But there can be divisions, as Fatima readily admits. “In four years of living here, I can assure you that I’ve had many experiences [of Islamophobia]. Skaters accept you, but outside this world, it can be really hard on an emotional level when you get negative comments or reactions. When you are deprived of your liberty, it’s hard.” As if to illustrate her point, a kid in sunglasses sidles over to join the discussion. “The police always stop me because I look Arab,” he says. “But I’m Brazilian – I’m not a terrorist.” Wearing the hijab has provoked controversy in Belgium and other European countries, but Fatima insists she’s never questioned her choice. “I wear the veil because of my religious convictions,” she explains. “It’s a form of freedom for me and I think everyone should respect others’ decisions. My religion is really important, it’s my source of inner peace.”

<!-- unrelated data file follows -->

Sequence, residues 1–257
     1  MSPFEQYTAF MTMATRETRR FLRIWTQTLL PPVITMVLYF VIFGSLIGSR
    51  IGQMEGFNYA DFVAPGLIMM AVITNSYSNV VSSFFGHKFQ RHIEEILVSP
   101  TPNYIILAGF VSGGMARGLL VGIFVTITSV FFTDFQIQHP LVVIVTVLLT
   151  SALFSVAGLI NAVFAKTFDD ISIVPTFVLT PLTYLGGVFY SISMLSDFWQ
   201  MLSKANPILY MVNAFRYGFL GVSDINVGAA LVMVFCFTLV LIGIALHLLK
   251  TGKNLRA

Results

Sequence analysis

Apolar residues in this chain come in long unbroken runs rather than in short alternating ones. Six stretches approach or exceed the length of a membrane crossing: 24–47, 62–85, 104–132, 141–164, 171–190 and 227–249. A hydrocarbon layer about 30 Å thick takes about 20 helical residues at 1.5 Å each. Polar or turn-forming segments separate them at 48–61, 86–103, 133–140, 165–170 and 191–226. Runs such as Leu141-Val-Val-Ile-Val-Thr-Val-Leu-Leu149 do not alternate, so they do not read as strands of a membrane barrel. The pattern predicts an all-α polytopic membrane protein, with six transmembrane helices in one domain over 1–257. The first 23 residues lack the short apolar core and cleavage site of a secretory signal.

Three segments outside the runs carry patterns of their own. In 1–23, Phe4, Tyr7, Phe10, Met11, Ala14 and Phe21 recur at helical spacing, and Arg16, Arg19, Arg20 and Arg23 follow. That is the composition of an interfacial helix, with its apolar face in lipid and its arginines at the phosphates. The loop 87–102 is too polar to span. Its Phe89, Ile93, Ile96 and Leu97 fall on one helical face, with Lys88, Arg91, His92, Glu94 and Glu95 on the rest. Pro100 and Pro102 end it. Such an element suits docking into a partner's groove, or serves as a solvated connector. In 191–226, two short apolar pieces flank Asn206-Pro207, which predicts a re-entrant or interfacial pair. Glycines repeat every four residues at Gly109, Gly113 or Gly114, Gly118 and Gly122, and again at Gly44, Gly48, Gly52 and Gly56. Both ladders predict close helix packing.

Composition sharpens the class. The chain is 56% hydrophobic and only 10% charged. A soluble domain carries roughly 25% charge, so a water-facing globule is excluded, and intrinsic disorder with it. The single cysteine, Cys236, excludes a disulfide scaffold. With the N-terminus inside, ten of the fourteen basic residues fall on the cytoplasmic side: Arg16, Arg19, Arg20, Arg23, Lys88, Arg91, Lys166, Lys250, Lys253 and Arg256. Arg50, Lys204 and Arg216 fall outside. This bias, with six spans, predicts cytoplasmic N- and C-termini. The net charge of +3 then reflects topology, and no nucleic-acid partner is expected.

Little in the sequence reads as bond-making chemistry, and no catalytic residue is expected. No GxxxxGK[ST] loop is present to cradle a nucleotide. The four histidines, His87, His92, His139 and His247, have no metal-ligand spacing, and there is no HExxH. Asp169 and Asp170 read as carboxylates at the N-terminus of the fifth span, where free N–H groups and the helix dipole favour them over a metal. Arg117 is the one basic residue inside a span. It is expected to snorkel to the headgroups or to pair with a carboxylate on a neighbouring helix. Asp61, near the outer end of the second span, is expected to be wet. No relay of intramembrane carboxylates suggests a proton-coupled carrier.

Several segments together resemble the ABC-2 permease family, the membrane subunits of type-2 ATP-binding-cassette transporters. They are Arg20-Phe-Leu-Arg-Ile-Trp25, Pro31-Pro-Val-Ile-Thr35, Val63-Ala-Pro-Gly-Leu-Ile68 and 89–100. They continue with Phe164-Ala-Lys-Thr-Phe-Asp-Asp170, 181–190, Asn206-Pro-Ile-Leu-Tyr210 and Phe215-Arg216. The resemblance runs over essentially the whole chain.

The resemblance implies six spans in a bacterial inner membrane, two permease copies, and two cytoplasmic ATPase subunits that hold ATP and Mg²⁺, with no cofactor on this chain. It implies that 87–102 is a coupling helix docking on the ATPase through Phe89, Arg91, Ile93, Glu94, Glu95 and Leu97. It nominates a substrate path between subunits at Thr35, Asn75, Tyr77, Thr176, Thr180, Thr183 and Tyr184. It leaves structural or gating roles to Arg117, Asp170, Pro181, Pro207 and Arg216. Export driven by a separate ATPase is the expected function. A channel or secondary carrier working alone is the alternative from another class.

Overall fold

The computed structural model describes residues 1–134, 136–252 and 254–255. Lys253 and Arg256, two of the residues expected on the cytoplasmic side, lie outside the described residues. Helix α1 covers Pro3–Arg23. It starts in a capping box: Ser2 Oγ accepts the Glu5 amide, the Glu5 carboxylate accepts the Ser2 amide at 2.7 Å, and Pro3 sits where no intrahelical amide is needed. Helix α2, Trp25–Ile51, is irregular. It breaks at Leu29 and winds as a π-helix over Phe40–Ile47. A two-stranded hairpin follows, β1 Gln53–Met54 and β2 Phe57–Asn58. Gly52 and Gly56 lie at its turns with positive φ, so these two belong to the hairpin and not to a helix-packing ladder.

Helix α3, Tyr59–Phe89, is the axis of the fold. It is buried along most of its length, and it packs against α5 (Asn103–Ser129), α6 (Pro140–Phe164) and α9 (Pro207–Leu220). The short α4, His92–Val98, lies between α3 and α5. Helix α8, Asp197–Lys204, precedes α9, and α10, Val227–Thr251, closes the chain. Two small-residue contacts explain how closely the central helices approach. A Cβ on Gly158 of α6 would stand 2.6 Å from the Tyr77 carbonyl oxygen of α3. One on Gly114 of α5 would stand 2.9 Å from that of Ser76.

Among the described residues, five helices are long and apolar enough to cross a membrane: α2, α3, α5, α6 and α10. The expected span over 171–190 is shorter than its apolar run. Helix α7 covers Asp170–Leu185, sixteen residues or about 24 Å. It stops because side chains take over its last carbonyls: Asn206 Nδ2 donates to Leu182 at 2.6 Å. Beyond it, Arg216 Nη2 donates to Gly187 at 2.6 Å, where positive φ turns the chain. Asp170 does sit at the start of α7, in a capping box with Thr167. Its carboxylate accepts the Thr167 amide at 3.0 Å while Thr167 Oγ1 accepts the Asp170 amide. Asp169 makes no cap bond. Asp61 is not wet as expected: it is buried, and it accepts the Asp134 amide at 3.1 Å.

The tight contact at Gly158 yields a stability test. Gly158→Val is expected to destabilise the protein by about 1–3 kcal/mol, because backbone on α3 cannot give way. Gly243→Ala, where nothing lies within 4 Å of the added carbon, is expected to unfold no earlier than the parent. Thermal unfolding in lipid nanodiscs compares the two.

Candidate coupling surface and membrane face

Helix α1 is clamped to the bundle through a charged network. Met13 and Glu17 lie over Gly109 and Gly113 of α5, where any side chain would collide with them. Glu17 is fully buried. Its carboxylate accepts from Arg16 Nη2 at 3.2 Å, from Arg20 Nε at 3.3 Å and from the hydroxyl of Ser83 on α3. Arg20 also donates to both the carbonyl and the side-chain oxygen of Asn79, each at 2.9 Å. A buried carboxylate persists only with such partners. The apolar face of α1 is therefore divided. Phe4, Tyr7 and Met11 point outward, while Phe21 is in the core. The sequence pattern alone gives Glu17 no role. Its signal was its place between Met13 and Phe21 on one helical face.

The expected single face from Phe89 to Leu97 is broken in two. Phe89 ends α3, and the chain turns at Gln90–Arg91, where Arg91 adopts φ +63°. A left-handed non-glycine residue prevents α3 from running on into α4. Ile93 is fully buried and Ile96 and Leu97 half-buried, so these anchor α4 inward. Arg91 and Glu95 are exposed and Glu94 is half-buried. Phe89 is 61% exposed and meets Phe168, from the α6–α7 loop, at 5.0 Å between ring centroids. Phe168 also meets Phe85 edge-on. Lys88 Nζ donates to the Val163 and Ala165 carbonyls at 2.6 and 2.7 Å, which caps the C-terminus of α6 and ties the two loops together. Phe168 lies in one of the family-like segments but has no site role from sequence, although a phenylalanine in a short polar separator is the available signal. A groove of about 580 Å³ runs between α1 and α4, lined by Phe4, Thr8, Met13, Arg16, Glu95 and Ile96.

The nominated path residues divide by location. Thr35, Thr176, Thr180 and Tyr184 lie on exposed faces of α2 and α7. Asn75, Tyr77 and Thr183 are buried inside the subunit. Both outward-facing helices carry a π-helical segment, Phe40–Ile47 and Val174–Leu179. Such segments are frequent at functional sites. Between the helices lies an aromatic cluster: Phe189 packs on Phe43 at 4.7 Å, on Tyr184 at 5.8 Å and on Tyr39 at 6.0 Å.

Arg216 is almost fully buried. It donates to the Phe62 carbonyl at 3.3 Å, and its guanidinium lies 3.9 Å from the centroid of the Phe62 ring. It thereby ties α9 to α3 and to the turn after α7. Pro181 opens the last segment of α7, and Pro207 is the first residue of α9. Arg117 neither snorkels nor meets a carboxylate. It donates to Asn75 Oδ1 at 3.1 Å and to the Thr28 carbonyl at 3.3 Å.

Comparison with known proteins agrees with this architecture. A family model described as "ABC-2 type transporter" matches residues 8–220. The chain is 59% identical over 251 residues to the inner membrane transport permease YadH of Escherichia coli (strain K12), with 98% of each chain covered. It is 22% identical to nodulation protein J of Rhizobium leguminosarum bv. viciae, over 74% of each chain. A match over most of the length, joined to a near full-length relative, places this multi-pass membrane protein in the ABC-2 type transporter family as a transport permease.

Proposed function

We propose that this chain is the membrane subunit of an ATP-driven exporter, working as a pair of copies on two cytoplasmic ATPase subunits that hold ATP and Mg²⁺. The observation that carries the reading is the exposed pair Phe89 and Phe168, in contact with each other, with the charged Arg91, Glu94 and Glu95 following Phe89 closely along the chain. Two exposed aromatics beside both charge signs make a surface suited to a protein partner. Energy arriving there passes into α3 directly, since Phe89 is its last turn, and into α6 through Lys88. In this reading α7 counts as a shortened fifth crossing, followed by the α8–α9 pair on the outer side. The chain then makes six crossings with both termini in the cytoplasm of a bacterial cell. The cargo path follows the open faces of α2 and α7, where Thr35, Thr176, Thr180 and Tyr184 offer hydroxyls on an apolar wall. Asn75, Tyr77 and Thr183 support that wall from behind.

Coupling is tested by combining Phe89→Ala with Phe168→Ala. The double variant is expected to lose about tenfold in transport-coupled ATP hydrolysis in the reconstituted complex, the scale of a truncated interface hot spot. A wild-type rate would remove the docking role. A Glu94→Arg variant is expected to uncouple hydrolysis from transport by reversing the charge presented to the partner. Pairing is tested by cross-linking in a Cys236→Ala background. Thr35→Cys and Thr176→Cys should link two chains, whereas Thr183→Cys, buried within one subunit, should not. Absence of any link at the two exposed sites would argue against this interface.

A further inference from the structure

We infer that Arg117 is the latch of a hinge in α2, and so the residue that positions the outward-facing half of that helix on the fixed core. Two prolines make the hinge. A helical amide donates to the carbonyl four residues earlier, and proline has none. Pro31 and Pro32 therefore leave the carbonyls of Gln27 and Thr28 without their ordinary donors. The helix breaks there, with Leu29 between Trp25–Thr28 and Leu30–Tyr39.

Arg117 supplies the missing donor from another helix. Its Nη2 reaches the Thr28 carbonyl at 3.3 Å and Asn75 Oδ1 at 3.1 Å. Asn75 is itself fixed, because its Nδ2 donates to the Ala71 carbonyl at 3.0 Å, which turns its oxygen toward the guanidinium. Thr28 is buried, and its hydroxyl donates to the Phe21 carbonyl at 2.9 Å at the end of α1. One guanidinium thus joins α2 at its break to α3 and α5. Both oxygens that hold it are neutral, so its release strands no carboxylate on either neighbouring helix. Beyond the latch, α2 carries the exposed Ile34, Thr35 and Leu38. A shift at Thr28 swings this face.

“Do people fear me ’cause I’m Arab? No. People just see me as a punk.”